As previously detailed here, the U.S. Supreme Court’s 2018 Epic Systems decision established that requiring employees to waive their right to pursue collective or class actions does not violate the National Labor Relations Act’s “catchall” protection—the right to engage in “concerted activity”—and courts must enforce arbitration agreements as written.

The Supreme Court not only confirmed the legality of class action waivers under the Federal Arbitration Act, but it also narrowly construed the NLRA’s catchall provision as focused on the right to organize unions and bargain collectively in the workplace.

The Court’s holding that the right to engage in such “concerted activities” does not guarantee collective or class action procedures underpins a recent NLRB decision concerning issues of first impression: imposing and requiring as a condition for continued employment a new class action waiver rule in response to collective action.

In Cordúa Restaurants, Inc., 368 NLRB No. 43 (Aug. 14, 2019), the employer maintained an arbitration agreement that required employees to waive their rights to “file, participate or proceed in class or collection actions . . . in any civil court or arbitration proceeding.” The provision was silent on an employee’s right to “opt in” to such an action. After seven employees filed a collective action alleging violations of wage and hour laws, the employer distributed a revised agreement that also required employees to agree “not to opt in to collective actions.” The employer distributed the new agreement, and a manager explained that employees who refused to sign would be removed from the schedule.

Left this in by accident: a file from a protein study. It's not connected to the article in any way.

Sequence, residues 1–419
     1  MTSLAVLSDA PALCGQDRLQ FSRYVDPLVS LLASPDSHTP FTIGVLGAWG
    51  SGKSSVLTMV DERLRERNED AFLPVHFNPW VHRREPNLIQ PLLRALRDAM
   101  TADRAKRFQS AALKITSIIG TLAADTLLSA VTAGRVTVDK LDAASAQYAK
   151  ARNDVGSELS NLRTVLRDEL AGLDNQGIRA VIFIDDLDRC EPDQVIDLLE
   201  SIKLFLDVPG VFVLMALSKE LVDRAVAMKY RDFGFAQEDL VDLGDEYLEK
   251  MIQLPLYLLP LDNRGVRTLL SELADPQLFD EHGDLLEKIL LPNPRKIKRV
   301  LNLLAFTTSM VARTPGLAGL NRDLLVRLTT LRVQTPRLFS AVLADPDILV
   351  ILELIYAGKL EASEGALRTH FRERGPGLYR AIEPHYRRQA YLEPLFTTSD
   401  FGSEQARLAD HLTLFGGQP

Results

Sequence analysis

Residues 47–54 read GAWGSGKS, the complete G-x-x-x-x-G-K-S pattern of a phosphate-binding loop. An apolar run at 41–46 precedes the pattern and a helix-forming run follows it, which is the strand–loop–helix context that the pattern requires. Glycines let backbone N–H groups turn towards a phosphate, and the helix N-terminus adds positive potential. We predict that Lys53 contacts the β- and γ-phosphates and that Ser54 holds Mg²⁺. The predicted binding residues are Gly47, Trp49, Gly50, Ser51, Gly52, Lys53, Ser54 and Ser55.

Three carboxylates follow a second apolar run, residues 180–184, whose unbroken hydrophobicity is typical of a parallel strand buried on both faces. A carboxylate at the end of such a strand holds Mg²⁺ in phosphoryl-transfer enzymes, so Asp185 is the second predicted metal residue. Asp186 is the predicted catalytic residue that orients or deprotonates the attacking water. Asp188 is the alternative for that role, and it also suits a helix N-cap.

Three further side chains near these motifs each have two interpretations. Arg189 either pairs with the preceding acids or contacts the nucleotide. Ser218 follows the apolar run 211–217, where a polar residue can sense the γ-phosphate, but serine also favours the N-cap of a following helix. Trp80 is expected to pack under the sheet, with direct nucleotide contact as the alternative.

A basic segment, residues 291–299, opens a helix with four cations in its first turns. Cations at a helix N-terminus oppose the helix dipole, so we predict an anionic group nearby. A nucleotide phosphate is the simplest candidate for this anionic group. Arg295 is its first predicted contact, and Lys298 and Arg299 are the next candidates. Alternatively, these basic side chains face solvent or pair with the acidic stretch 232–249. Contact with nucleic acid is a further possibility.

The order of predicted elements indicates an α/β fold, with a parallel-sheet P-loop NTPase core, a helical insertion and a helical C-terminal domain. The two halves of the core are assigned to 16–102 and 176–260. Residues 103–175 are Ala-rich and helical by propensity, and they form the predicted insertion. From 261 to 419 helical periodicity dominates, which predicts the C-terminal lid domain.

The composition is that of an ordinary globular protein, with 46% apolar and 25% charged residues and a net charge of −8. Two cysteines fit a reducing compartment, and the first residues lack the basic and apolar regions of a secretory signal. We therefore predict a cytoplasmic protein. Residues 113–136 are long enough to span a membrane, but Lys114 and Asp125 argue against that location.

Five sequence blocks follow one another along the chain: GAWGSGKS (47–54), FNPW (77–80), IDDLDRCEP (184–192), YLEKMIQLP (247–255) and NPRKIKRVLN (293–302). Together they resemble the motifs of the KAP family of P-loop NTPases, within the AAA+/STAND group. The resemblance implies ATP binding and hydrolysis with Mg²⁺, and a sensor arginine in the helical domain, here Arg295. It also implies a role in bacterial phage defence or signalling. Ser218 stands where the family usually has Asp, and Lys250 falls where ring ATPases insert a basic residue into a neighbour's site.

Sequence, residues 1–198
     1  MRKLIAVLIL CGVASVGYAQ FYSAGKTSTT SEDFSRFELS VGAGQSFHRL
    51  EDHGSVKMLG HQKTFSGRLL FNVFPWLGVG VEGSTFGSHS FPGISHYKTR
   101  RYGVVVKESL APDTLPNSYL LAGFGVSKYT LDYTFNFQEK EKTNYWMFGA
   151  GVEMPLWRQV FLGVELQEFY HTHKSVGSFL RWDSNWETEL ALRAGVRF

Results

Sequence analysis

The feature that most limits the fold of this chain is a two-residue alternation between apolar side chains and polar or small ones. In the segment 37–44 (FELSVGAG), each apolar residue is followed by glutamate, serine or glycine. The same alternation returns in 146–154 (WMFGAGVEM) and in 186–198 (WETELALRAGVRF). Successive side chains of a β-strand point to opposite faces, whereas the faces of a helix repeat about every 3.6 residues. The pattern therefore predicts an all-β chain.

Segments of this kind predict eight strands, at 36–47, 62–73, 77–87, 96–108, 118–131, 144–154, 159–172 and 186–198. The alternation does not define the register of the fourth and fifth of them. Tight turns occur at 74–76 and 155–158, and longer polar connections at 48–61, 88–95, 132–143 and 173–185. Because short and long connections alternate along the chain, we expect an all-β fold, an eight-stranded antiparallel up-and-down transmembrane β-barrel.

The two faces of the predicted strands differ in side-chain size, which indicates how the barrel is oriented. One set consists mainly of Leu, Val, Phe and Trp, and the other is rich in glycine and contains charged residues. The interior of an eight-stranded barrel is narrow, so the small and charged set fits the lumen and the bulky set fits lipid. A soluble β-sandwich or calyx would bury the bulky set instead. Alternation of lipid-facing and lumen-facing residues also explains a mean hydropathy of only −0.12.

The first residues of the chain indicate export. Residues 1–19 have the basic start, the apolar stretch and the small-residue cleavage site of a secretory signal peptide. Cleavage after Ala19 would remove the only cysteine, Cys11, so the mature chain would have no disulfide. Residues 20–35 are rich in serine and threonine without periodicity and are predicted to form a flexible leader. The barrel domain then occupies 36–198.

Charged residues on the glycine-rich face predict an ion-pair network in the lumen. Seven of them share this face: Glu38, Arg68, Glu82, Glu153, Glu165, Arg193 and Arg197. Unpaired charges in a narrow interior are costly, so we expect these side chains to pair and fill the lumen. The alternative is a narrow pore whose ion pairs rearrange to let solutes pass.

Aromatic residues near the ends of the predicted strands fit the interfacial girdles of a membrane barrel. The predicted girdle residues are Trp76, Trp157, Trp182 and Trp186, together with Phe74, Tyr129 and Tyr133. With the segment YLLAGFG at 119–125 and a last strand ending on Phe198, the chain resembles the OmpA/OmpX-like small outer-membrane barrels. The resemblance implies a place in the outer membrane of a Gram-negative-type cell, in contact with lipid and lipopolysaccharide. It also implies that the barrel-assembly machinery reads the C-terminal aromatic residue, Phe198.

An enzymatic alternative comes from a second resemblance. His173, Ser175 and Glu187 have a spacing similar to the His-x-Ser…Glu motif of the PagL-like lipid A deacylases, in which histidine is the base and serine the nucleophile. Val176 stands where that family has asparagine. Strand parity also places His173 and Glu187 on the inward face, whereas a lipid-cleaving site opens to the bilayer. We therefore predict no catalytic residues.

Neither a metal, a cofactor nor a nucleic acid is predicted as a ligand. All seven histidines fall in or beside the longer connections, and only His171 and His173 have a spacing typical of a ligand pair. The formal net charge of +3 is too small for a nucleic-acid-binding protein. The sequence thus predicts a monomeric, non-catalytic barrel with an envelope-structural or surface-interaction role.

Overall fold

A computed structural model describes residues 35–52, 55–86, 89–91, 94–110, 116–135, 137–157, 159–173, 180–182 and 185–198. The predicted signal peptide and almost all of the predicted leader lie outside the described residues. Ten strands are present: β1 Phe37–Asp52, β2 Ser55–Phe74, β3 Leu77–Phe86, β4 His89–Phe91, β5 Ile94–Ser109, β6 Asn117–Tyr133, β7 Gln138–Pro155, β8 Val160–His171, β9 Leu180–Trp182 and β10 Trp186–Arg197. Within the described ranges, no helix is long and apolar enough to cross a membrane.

Applying Epic Systems broadly, the Board held that neither creating the revised class action provision in response to collective action nor threatening to discharge employees for refusing to sign it violated the NLRA. Under Epic Systems, the procedural means for resolving employment-related claims falls outside the NLRA’s protections, so the employer’s revised agreement in response to collective action did not violate the NLRA. Further, the Board interpreted Epic Systems as permitting an employer to identify the “lawful consequences”—i.e., discharge—of failing to sign a mandatory arbitration agreement. The Board, however, reaffirmed longstanding precedent that an employer cannot discipline or discharge employees for engaging in “concerted” legal activity.

Key Takeaways:

  • Employers can impose new or revised mandatory arbitration agreements following collective or class actions and seek enforcement in pending litigation.
  • Employers can condition employment on employees entering into an arbitration agreement with a collective or class action waiver.
  • Employers cannot discharge employees for engaging in protected concerted activity, which the Board says includes coworker discussions about wages and filing a collective or class action.